The MiniStation is a USB 3.0 hard drive, and when using a USB 3.0 port, the disk’s data transfer speed around 85.75MB/s write and 94.87MB/s read. It comes with permanently attached USB 3.0 cable that you can neatly tie around the drive when not in use.

With this drive, you can be assured that your data is safe from unauthorized access as it supports 256-bit AES Full Disk Encryption (FDE) in a secure mode. You will be able to create your password, and you will need to enter when you plug the drive to a computer.

Pros

  • NFC enabled
  • Remarkably fast

Cons

  • Bulky
  • Expensive
  • The software does not work with some older Windows computers

5. Western Digital My Passport Ultra 4TB

Western Digital has a wide range of impressive hard drives such as Western Digital My Passport Essential, and the Western Digital My Passport Ultra is their new drives successor to the My Passport Edge.

The Western Digital retails at $100 for the 500GB and $130 for the 1TB. With its good looks, large capacity and fast performance, this drive can easily be one of the best portable hard drives in the market.

The drive is light and compact and comes in red, blue, and black. It comes with a USB cable for its Micro-USB 3.0 port and the cable functions for both power and data transfer. You can use the Ultra with both USB 3.0 and USB 2.0, but for full efficiency, it is recommended that you use it with USB 3.0. Though the drive is preformatted for Windows, it can be reformatted for Mac computers easily.

The My Passport Ultra has the WD SmartWare backup program, WD Security and WD Utilities. With WD Utilities, you can be able to check the status of the drive and reformat it when need be. WD Security, on the other hand, enables you to secure your data with a password. With this drive comes secure encryption such that once you set your password, the drive cannot be opened without the set password.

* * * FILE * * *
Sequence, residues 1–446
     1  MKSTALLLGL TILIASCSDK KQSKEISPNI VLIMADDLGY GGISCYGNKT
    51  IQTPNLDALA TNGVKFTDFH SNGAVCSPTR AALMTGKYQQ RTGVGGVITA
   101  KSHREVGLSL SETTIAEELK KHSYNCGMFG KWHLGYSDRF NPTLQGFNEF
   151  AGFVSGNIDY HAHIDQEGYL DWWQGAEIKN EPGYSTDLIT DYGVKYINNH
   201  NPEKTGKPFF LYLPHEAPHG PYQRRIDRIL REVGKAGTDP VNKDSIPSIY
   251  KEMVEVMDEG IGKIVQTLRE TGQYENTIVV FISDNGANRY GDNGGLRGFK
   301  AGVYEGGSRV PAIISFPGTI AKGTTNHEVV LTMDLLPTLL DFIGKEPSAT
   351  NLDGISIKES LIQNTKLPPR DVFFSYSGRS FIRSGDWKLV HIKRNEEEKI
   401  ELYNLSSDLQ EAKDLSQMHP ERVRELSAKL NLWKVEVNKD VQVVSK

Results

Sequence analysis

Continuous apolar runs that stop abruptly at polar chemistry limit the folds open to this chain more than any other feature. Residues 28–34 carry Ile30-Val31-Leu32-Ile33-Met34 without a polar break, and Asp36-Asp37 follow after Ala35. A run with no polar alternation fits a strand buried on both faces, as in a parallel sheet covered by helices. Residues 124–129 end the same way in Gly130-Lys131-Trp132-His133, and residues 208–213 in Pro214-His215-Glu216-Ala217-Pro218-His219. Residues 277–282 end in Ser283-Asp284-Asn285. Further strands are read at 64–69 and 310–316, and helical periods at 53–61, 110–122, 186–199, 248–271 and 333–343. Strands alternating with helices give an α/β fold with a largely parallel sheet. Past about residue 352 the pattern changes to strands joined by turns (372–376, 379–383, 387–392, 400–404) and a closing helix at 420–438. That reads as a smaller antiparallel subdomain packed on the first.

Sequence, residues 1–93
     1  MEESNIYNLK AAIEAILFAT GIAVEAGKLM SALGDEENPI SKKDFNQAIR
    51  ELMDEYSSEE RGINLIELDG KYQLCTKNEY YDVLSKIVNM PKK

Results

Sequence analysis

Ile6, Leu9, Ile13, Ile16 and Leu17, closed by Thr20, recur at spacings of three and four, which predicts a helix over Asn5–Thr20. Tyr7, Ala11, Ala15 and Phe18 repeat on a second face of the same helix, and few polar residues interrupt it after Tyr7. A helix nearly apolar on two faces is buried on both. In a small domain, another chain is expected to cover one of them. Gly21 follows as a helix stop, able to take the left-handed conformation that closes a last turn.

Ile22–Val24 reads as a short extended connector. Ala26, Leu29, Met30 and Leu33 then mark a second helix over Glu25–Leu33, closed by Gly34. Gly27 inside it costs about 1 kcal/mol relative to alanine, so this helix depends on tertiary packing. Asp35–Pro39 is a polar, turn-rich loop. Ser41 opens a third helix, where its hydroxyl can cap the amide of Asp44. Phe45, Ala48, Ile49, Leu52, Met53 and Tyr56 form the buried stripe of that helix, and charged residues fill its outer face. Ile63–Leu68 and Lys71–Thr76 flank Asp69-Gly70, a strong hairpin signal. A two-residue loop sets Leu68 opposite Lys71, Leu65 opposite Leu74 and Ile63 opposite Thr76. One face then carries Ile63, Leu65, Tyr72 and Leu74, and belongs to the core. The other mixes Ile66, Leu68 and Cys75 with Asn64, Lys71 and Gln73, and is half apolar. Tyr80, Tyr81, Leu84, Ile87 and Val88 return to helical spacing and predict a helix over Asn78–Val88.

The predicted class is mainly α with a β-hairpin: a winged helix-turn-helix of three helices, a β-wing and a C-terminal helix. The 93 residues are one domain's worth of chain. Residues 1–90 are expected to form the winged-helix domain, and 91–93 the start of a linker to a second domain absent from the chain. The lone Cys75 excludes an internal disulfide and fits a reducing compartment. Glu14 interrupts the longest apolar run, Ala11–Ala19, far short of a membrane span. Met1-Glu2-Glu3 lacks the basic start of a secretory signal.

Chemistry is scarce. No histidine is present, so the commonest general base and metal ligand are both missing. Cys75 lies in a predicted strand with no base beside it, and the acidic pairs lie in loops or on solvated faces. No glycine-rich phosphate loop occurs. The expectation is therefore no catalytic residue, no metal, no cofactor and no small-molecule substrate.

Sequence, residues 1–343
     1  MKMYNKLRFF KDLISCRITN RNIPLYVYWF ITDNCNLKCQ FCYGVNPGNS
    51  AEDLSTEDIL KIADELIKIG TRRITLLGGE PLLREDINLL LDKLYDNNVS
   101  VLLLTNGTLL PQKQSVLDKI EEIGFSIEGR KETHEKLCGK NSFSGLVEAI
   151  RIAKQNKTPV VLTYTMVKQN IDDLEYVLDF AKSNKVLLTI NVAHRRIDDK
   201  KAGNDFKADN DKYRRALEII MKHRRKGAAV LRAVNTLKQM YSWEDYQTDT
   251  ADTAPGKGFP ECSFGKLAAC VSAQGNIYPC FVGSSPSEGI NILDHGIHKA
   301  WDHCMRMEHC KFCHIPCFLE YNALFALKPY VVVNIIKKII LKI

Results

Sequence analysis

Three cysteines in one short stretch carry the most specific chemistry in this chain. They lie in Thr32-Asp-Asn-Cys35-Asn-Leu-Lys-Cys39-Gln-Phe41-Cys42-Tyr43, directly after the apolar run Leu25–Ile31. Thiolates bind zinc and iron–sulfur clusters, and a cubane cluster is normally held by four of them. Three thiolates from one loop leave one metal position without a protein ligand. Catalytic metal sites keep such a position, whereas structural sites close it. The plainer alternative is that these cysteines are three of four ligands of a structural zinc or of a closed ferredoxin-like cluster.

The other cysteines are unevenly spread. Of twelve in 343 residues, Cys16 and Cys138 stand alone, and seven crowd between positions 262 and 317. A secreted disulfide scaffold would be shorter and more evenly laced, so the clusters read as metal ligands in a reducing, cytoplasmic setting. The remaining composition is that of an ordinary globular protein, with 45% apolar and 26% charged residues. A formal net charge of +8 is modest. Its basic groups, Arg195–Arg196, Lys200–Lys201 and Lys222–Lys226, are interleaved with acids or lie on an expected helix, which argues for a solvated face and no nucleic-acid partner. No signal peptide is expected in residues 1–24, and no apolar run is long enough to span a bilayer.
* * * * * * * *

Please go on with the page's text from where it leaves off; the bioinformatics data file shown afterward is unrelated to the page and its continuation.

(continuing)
Pros

  • Fast Performance
  • Helpful data protection software

Cons

  • Slightly expensive

6. Samsung T5 SSD

The Samsung T5 is a uniquely small drive that you can comfortably and unnoticeably carry in your pocket. But with such a small, powerful drive comes a high price, and the Samsung T5 is proof with its retail price of $510 for the 1TB.

Measuring 74x57x10.5 and weighing 51g, the drive is remarkably small, and you can carry it in your jeans or shirt pocket with ease. The disk is made of metal, which helps keep the inside chips well cooled. It comes in a range of sizes, from 250GG to 2TB. To improve the functionality of the drive when transferring files, you must format the drive to NFTS. The external drive is also compatible with Android devices.

The Samsung T5 performs at very remarkable speeds with 433MB/s read and 323MB/s write, and if you use a compatible USB Type-C connector, you will get even a much higher transfer rate. With this drive, you will get USB Type-C to Type-C and Type-C to Type-A cables compatible with Windows, Mac, and Android.

Pros

  • Compact
  • Excellently fast

Cons 

  • Expensive

CLOSING REMARKS

If you’ve identified the factors and type of external hard drive you want then the rest of the process streamlines itself. From the sea of HDDs, you will be able to pinpoint the right one that can push you for the next half-decade or more.